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ERRC Action as Hungary Goes Before the United Nations Committee on the Elimination of Racial Discrimination

7 November 2002

On August 15, 2002, the United Nations Committee on the Elimination of Racial Discrimination reviewed Hungary's compliance with the International Convention on the Elimination of All Forms of Racial Discrimination (ICERD). In the run-up to the meeting, the European Roma Rights Center (ERRC) submitted written comments to the Committee for consideration during the review. Additionally, representatives of the ERRC, the Hungarian Helsinki Committee, and the Roma Press Center travelled to Geneva to hold a joint briefing on Hungary's record on discrimination before Committee members.

The ERRC submission documents patterns of systematic racial discrimination against Roma in Hungary, as well as the failure of national and local authorities to protect Roma from violence and discrimination and to offer Romani victims of human rights abuse access to effective remedies. Discrimination pervades all aspects of life for Roma in Hungary, most egregiously in the fields of education, housing, and access to public services. ERRC concerns as they relate to specific articles of the ICERD and as described in its written submission to the CERD, follow in summary:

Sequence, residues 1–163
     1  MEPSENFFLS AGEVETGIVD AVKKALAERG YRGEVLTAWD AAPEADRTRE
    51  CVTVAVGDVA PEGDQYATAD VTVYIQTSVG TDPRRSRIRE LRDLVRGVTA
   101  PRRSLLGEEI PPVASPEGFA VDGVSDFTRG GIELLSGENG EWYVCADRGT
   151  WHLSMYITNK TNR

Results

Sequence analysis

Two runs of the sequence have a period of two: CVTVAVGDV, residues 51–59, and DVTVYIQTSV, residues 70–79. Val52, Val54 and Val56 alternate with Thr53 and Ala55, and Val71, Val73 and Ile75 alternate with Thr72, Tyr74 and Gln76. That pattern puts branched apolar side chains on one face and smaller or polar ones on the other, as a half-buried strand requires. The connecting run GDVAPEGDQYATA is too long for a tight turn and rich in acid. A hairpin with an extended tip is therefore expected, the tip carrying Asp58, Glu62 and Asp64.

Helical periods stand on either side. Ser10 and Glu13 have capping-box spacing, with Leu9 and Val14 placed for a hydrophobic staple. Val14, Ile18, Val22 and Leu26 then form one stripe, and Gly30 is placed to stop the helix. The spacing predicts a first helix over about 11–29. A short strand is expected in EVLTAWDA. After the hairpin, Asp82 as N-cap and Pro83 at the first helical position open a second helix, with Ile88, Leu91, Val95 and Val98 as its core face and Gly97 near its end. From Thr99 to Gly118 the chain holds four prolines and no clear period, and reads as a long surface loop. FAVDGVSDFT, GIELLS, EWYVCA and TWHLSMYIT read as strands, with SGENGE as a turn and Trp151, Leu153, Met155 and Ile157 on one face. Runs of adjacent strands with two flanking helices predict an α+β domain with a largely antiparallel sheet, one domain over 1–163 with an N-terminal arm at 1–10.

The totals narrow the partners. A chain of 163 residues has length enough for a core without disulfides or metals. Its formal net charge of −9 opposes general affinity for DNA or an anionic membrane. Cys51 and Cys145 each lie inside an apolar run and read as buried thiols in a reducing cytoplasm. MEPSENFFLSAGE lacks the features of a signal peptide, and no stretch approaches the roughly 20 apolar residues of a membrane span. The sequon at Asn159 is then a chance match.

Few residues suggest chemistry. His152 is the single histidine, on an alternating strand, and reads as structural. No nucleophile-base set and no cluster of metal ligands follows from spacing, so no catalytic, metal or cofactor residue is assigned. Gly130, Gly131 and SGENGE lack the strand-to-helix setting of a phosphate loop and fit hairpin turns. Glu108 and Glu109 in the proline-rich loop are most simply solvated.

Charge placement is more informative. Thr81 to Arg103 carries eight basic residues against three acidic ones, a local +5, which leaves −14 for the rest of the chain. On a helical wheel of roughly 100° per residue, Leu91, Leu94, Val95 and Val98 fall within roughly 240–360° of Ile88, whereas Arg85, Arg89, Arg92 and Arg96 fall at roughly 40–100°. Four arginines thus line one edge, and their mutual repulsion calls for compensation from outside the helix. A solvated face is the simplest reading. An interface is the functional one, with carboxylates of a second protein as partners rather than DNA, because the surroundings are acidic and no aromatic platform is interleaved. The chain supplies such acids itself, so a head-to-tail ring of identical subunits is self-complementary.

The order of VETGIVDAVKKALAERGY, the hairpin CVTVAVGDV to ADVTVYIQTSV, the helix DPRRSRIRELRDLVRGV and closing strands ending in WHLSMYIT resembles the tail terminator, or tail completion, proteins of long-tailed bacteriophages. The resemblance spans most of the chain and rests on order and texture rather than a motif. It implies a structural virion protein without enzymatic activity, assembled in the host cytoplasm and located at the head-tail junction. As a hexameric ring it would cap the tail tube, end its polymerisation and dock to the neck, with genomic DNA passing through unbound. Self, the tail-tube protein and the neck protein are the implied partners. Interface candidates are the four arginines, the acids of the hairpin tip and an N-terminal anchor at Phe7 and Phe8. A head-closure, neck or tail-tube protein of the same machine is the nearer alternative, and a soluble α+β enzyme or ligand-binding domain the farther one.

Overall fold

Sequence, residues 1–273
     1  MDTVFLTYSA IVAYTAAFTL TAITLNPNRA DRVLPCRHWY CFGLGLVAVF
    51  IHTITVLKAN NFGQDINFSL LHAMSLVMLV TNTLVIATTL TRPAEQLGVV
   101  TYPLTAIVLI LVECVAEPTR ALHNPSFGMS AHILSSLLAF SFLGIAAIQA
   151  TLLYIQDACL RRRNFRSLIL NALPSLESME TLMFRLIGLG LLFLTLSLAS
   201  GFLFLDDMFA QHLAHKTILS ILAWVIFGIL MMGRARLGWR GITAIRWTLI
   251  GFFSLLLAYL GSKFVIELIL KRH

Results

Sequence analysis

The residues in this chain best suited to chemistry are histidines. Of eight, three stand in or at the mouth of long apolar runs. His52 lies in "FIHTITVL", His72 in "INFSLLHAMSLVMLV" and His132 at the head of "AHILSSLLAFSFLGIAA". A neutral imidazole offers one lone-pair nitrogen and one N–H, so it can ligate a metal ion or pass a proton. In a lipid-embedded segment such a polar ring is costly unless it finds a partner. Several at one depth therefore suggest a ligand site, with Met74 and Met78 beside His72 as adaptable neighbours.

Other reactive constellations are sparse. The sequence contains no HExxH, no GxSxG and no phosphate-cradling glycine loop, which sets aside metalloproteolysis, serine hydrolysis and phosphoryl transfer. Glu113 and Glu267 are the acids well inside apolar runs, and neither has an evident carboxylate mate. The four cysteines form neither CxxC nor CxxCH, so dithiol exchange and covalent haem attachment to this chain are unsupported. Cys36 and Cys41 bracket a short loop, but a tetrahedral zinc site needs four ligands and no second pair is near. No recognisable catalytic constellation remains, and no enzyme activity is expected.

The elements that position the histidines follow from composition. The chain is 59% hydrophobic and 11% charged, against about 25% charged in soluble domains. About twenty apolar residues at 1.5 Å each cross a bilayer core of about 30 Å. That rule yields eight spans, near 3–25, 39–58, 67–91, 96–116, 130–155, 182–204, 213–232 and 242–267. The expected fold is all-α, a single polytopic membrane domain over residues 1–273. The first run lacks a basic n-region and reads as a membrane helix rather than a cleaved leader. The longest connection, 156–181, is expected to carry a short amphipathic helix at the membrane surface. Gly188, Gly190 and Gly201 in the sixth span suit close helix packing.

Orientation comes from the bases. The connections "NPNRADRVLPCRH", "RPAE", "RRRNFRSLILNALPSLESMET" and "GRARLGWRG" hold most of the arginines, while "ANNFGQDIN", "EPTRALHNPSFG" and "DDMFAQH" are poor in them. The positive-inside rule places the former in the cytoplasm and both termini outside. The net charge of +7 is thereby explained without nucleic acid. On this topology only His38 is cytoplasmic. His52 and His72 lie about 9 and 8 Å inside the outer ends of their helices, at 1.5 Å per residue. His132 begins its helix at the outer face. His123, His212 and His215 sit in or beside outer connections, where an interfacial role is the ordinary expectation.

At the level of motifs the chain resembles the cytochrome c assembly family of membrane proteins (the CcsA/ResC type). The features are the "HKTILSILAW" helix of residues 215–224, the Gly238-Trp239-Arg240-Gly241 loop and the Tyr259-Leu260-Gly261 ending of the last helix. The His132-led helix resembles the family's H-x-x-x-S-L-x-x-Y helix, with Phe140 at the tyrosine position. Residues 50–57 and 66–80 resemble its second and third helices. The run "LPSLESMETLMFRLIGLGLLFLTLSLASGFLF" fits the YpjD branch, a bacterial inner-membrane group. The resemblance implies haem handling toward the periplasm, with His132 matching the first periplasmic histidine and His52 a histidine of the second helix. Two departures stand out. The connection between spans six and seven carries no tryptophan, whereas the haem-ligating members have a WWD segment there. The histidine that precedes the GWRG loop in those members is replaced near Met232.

As to Article 2, according to documentation by the ERRC and that of other non-governmental organisations, Roma suffer widespread discrimination in virtually all spheres of public life. Legal prohibitions and other legal and administrative measures against racial discrimination and racially-motivated violence have to date been ineffective in prohibiting and bringing to an end racial discrimination. The Government has provided the Committee with no information concerning the extent of racial discrimination against Roma in Hungary. In its discussion of issues under Article 2, the reference in the Government's Report to concrete measures the authorities have taken to combat racial discrimination pertain to only a very limited number of cases – certainly not anywhere near the number of cases of racial discrimination reported – and information provided by the government to the CERD as to official action taken in those few cases is confusing and incomplete. The Government Report in general makes only very sparse reference to specific cases and/or concrete measures authorities have taken to combat racial discrimination against Roma and other minorities, and the information provided only serves to provoke the suspicion that the Government does not act adequately to implement its commitments under the Convention.